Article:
Maxine Steinman & Dancers -- Harkness Dance Festival
by Juliet Neidish
February 22-26, 2006 -- Ailey Citicorp Theatre at the Joan Weill Center for Dance, NYC
Maxine Steinman & Dancers was the third of five companies comprising this season’s Harkness Dance Festival in New York City. The 92nd Street Y was excited to be presenting this series in the new Ailey Citicorp Theater at the Joan Weill Center for Dance. This beautiful, recently inaugurated dance space is housed in the Alvin Ailey school complex. It is thrilling to now find several new performing venues in New York City after witnessing the struggles and/or demise of so many rehearsal studios, theaters, dance companies, and schools in the past decade.
Steinman’s evening consisted of two premieres and two repertory pieces performed by seven dancers and herself. Depending on the piece, she collaborated with musician, sculptor, costumer, and video artist. Steinman’s main influence seems to be the choreography and technique of Jose Limon, for which she is a prominent teacher. The word that best describes her work is “sensuous,” and each piece on the program was a focused glimpse into a stage moment of a particular personal relationship.
Opening with “…still we sit,” co-choreographed with company member Raymundo Costa, Steinman took her inspiration from a poem entitled, “Tide,” by John Fuller. The short piece was an atmospheric duet for Steinman and Columbine Macher. The couple, dressed in similar and very beautiful long, white dresses, danced primarily in synchrony to the sonorous sound of Henryk Gorecki.
The piece achieved a rich sense of longing and mystery through the fluid reachings and enclosings of these two figures, aided by the cotton, tulle, and ruffles of the dresses, as they intertwined with the dancers’ flowing shoulder-length hair. The aesthetic ambience was complemented by a backdrop of a glowing sky and a circle of simple, white origami boats.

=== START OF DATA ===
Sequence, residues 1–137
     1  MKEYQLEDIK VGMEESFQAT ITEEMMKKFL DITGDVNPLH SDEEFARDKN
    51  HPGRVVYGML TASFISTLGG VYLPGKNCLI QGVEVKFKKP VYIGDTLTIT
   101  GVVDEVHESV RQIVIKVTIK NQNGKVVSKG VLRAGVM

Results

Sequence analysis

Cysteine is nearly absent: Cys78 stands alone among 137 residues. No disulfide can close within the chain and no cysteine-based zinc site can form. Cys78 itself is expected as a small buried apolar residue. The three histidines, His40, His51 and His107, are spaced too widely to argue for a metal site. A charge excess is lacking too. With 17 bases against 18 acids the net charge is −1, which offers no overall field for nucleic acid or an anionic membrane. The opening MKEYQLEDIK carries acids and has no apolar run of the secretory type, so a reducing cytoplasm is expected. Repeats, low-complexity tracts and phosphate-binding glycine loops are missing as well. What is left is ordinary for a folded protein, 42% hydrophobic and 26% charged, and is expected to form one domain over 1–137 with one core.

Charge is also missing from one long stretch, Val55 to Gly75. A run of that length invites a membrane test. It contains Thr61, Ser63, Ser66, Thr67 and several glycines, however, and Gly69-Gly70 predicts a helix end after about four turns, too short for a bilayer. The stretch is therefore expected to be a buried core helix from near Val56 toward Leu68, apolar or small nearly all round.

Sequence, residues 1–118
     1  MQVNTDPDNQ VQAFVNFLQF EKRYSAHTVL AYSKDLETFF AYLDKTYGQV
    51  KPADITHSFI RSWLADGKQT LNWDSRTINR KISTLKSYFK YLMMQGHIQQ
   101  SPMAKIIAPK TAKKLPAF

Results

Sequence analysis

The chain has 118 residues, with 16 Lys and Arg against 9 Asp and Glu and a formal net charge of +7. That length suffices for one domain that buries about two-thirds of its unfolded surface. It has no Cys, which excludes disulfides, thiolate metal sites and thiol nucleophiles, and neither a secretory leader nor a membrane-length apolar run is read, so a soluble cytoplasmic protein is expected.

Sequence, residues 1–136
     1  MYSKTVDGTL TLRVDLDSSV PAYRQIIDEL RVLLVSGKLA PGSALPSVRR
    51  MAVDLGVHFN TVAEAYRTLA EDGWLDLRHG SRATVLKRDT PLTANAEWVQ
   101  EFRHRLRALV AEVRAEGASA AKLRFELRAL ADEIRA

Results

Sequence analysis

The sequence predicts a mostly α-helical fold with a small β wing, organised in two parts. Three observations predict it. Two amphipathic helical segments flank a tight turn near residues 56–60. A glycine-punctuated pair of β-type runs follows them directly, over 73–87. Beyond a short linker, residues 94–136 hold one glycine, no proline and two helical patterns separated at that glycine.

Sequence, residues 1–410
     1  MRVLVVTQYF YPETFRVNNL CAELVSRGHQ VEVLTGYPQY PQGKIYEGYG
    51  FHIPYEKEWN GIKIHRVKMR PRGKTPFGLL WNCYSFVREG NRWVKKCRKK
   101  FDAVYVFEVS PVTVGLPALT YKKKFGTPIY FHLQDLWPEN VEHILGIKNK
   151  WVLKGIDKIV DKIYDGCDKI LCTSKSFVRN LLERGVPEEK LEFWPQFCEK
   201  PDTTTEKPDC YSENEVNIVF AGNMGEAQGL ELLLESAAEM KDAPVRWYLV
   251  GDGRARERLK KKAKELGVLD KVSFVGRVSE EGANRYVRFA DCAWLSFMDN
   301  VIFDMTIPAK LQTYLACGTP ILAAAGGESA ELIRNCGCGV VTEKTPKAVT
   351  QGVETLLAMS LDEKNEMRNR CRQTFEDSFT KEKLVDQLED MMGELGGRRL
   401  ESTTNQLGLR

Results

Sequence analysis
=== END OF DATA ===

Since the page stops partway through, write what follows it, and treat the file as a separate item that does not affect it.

“Let Go,” to the music of Arvo Part, seemed to be the companion piece to “…still we sit.” It was also a peek into relationships in progress, but here, Steinman upped the ante by adding a third figure. Three men comprised this vision of fluidity in which two of the figures related sensitively through synchronous movement, while the third figure danced alone. The pairings and lone figure kept shifting as the dance continued. The arc in both of these pieces was seamless and muted, as if under water, and Steinman formed her choreography to closely parallel the swells, ebbs, and flow of the musical selections, which supported her use of synchrony.
The last two pieces were both premieres. I hope Steinman will continue to refine them, because although they each have wonderful moments, they are not yet as strongly crafted as the older ones. “Rockwell Unraveled” was a stylistic departure from the other three pieces on the program. In it, Steinman attempts to take apart the neat, stereotypic face of the notorious Norman Rockwell painting. As the painting comes alive for us, we begin to see Steinman’s own interpretation of the underlying relationships in the otherwise static painting that generations of Americans have come to know.
She succeeded in setting up a unique and legible set of relationships between mother/son, father/daughter, and sister/brother. Her dancers were apt at portraying their roles within the choreography. The stage was cleverly littered with bits of the clutter of domestic life. This was a good start, but unfortunately, the piece remained theatrically static. There were hints of humor and hints of darkness. Perhaps the next step would be to commit to one of those paths and develop it fully, or even possibly to re-work of the piece to include a stronger reading of both.The lengthy “Window Stories” tended to lose its dramatic cogency. The strong, choreographic sections were often interspersed with lengthy unfocussed passages of movement. The opening solo performed powerfully by Tomomi Imai remains etched in my memory. However, in the long run, the power of other beautiful, sensitive passages was diffused by the ambling structure of the piece.
Also, when the video was featured by itself, the theatricality was inhibited. “Window Stories” could either be crystallized into a much shorter piece, or refigured and redirected with less focus on generating material and more on theatrical development. All in all, the dancers performed fully andbeautifully, and succeeded in supporting each other as well as the conception of Ms. Steinman’s work.
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